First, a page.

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Should I pile into the 8% dividend yield at FTSE 100 firm Evraz?

My goodness! You can’t fault FTSE 100 steel and coal producer Evraz (LSE: EVR) on its tasty-looking quality, value and momentum indicators. Right now, the firm looks like something of a super stock, and that forward dividend yield in excess of 8% is enough to tempt even the most hard-nosed of seasoned investors.

Beware of the tempting valuation

The shares are up more than 5% today, as I write, on the release of the third-quarter trading statement. However, since early 2016, the rise has been about 800%, which to my mind qualifies the stock as one of those millionaire-makers we keep talking about at the Fool. Yet despite today’s gargantuan dividend yield, I don’t think you’d have scored that investment gain by taking a dividend-led approach to picking the stock. Indeed, back in 2016, Evraz wasn’t even paying a dividend, earnings were on the floor, and the price-to-earnings ratio was high compared to today.

So, should we be investing in Evraz today, based on its low valuation and its high dividend yield? I think there’s a strong clue in what happened before when the valuation was high and the yield was zero – the shares shot up as the business recovered in what looks like a cyclical up-leg.

Maybe now that the valuation indicators have reversed, we could see a cyclical down-leg next, with falling earnings, a plunging share price, and a vanishing dividend. Maybe, and maybe not, but I’m reluctant to take the risk, and I certainly wouldn’t view Evraz as a dividend-led investment now. It’s a cyclical through-and-through, and the investing rules for cyclicals are different.

A mixed bag

The company said in today’s report that compared to the previous quarter, consolidated crude steel output fell by 10.3% “primarily due to lower pig iron production,” which also led to a 0.7% decline in sales of semi-finished goods. Lower sales of railway and flat-rolled products led to a 1.2% slide in finished goods. Something like 80% of the company’s revenue comes from its steel business, so those numbers are important.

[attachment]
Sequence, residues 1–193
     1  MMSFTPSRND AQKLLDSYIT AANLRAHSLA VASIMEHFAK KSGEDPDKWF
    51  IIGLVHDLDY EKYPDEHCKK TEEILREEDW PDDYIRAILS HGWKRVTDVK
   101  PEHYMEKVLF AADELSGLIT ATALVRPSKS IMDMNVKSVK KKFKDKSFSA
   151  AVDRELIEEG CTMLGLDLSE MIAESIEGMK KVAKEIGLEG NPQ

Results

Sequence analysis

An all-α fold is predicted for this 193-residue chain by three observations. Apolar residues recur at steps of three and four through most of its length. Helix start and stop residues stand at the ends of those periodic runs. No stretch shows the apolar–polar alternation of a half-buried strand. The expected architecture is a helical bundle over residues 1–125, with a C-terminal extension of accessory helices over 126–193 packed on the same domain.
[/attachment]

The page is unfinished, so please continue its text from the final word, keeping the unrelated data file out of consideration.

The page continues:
Meanwhile, production of raw coking coal climbed 9.6%, and coking coal product sales eased back by 8.3%. External iron ore product sales fell by almost 16%, and sales of vanadium products fell by 3.9%.

The results are a bit of a mixed bag, but the over-riding consideration is that Evraz is hostage to the supply-and-demand dynamics of the commodity market. Commodity prices can rise and fall and, with them, the profits of producers such as Evraz rise and fall too. That’s why, after a period of high earnings, I reckon Evraz looks risky.

City analysts following the firm have pencilled in a hefty reduction in revenue and earnings for 2019, so I think the positive cyclical trade with Evraz is behind us, and at these levels, the downside risk outweighs the upside potential for investors.

However, today’s stock market weakness strikes me as a golden opportunity. But instead of taking on single-company risk with Evraz, I think conditions are perfect for beginning a strategy of dripping regular payments into an FTSE 100 index tracker fund.

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Kevin Godbold has no position in any of the shares mentioned. The Motley Fool UK has no position in any of the shares mentioned. Views expressed on the companies mentioned in this article are those of the writer and therefore may differ from the official recommendations we make in our subscription services such as Share Advisor, Hidden Winners and Pro. Here at The Motley Fool we believe that considering a diverse range of insights makes us better investors.